There are many stops on the road before a divorce trial takes place. If you and your soon-to-be-ex-spouse still have disputes after your four way meeting, your next shot at settling the case is through a pretrial conference. At the pretrial conference, the judge who would preside over the actual trial is the judge who will look through all your documentation and tell everyone what he or she thinks about the remaining disagreements. If you’re able to work through the disputes, this can be a great opportunity to settle without going to litigation. Your attorney should bring a draft agreement, as most people get divorced on the day of the pretrial conference.
Tell Your Story with a Pretrial Memo
In preparation for your pretrial conference, your attorneys have the opportunity to explain your side of the story through a well-written memo (a “pre-trial memorandum”). This memo should clearly explain to the judge what you want and why you deserve it. It’s your chance to tell your side of the story in the best way possible.
Bring All Necessary Documents to Your Pretrial Conference
If you want to settle the case at the pretrial conference, everything should be on the table. In the case of a custody issue, the guardian ad litem report should be in and should be reviewed by both sides. Financially, there shouldn’t be any open questions as to what your assets are or how much they’re worth. You’ll need to prepare financial documents ahead of time because both divorcing parties are required to file an up to date financial statement, and should file an asset chart as well.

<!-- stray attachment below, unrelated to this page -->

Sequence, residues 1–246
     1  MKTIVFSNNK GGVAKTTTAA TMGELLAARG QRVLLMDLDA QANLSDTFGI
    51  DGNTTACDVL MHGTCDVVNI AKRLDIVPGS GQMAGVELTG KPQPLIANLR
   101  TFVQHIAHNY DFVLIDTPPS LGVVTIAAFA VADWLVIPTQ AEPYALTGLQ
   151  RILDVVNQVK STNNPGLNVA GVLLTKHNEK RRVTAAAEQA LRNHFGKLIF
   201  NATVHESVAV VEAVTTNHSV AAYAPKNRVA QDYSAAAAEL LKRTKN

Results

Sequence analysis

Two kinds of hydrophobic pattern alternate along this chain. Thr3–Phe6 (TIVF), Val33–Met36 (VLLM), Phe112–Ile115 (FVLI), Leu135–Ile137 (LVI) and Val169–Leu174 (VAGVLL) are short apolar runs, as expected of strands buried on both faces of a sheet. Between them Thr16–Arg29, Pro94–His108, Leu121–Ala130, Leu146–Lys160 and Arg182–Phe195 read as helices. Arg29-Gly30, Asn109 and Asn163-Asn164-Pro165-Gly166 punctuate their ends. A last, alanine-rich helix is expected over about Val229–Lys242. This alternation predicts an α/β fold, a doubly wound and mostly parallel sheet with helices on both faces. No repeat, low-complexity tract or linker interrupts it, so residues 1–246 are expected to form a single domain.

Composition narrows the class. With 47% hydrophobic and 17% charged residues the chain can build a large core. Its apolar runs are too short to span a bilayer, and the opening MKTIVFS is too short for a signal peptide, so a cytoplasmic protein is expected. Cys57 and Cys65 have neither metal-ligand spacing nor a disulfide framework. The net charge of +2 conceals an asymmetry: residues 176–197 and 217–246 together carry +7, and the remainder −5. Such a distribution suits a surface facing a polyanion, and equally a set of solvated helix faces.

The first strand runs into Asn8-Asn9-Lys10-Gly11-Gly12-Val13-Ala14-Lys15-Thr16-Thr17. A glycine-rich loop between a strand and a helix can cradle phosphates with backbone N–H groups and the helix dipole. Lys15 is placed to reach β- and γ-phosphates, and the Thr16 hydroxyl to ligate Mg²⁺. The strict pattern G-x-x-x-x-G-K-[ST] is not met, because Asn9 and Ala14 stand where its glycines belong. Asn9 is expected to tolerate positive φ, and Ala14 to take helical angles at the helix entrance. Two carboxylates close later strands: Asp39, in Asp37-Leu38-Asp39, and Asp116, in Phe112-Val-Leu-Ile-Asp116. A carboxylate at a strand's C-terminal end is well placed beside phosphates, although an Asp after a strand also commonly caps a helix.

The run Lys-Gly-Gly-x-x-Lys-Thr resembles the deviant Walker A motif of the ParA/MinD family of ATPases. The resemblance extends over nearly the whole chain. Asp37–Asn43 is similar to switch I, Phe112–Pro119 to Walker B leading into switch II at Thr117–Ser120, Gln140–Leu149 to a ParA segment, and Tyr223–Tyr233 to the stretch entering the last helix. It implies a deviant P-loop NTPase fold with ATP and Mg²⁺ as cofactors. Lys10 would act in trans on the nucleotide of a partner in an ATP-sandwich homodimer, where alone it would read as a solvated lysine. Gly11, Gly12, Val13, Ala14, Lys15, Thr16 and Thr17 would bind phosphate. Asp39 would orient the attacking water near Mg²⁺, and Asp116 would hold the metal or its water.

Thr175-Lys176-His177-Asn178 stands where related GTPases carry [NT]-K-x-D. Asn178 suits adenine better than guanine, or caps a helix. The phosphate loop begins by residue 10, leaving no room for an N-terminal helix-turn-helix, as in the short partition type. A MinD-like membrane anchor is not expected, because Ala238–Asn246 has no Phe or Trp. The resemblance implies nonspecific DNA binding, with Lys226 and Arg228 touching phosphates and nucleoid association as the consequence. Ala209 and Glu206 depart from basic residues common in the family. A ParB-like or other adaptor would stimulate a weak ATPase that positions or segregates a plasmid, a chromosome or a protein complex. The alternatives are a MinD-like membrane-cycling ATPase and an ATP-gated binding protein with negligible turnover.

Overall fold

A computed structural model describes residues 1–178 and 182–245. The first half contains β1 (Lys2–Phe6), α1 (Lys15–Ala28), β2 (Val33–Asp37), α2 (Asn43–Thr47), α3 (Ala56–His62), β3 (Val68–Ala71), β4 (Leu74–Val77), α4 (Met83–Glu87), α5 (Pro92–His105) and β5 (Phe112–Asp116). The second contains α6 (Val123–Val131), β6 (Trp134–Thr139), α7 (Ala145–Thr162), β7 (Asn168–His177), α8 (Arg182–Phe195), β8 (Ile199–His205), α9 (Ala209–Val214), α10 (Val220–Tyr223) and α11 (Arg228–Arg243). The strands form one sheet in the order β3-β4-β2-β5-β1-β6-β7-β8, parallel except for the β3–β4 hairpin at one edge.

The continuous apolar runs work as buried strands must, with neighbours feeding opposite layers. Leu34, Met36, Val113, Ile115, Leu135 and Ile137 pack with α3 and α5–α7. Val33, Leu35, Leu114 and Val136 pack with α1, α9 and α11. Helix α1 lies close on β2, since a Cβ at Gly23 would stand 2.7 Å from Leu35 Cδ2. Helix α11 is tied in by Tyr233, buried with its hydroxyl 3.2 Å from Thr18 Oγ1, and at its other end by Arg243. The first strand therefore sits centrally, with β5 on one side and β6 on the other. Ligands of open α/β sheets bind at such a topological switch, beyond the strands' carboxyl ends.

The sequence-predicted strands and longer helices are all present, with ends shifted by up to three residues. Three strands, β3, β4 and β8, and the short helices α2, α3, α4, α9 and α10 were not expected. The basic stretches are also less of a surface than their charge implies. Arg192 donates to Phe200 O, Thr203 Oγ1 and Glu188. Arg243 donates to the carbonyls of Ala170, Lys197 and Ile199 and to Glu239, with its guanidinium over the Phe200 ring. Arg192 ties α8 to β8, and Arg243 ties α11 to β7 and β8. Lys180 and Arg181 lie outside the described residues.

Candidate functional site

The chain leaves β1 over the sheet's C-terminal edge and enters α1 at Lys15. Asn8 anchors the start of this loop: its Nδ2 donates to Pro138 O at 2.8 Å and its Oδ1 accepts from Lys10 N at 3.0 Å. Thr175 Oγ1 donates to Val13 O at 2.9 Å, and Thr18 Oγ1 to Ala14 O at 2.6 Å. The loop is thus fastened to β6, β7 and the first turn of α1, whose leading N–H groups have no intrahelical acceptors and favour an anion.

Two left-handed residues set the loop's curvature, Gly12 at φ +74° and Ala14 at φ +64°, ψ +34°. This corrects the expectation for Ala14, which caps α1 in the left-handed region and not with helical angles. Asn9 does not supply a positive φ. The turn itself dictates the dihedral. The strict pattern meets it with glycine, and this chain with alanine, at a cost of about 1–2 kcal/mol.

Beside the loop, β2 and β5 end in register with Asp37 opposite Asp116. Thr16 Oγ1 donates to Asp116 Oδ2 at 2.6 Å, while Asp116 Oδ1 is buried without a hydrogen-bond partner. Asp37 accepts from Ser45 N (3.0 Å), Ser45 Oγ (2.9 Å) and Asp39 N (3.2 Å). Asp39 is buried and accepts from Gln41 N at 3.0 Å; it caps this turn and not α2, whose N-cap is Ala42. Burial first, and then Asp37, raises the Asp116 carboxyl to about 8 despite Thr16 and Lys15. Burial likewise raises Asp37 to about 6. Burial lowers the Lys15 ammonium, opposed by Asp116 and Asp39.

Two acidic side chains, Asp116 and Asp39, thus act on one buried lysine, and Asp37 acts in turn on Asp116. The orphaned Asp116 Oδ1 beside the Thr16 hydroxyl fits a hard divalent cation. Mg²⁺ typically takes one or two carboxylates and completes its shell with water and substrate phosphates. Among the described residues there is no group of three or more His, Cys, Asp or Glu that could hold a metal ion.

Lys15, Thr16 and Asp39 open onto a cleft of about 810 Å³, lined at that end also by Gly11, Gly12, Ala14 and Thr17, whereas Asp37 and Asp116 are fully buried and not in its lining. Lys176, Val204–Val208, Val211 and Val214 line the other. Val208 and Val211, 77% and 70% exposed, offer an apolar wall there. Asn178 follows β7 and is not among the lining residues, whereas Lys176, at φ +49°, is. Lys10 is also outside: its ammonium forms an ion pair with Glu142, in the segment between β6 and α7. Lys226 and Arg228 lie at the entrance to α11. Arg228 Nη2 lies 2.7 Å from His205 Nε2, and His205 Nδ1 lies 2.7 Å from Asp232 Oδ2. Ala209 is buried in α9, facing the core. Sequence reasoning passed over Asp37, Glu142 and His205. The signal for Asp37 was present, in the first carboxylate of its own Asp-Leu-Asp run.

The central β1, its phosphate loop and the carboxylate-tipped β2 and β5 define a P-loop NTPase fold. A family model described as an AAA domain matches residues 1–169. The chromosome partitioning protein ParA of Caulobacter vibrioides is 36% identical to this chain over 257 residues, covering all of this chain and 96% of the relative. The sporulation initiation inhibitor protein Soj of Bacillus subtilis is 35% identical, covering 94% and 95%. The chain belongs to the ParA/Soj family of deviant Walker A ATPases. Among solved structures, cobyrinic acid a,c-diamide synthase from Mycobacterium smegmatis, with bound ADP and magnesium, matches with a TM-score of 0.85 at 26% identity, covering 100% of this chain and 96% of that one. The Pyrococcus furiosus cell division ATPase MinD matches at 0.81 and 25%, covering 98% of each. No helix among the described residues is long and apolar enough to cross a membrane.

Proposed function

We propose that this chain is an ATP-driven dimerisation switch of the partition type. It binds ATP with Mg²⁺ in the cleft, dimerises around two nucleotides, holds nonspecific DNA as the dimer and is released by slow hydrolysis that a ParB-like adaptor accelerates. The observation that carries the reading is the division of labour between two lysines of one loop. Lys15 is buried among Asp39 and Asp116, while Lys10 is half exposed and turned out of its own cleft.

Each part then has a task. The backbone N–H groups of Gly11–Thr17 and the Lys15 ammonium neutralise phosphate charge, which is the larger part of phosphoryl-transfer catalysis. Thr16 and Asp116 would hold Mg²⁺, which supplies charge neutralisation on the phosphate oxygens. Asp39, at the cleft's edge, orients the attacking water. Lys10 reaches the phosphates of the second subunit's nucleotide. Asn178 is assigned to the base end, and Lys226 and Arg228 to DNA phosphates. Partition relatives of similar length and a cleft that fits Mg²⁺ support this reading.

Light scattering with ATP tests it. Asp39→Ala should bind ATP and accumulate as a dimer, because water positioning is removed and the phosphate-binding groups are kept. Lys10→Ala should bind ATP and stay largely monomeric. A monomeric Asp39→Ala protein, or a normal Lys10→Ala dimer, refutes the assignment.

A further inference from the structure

The Judge Has Spoken
Once your judge is presented with this information, he or she will explain how they would likely pass a ruling on the case. You, your soon-to-be-ex spouse and all of your attorneys will then have the chance to discuss the situation privately. Based on the way the judge was leaning, hopefully you’ll be able to reach an agreement. The court is always willing to take that settlement. You can be divorced that very day!
It’s not always that easy. Sometimes you can’t agree on everything, and your case will still have to be tried. At the very least, the pretrial conference gives you the opportunity to narrow down the issues, have a clear understanding of the other side and get some good insight into how your judge will view matters.
In a perfect world, every pretrial conference would end with either a settlement or helpful feedback. In the real world of our very overburdened court system, it doesn’t or can’t always occur so flawlessly. Sometimes even when you do everything correctly, you still may not be able to come to an agreement, or you may get little or no feedback from the court.
Not All Cases Are Alike
You never know which issues will be the ones you and your soon-to-be-ex spouse will get hung up on. I once had to try a case over how many geese were appropriate to keep on a small family farm. The issue: goose droppings. We actually had discussions as to how many of the current geese were allowed to reproduce. It’s moments like that where I wonder why I chose law school…
Keep in mind that some cases just can’t be resolved without going to trial. There could be custody issues, valuation issues or contribution issues that are so dissimilar that they require a trial. Many, if not most, custody cases require a trial.
95% of cases can be settled before, at or close to the pretrial as long as your attorneys have been thorough and meticulous in preparing for the pretrial conference.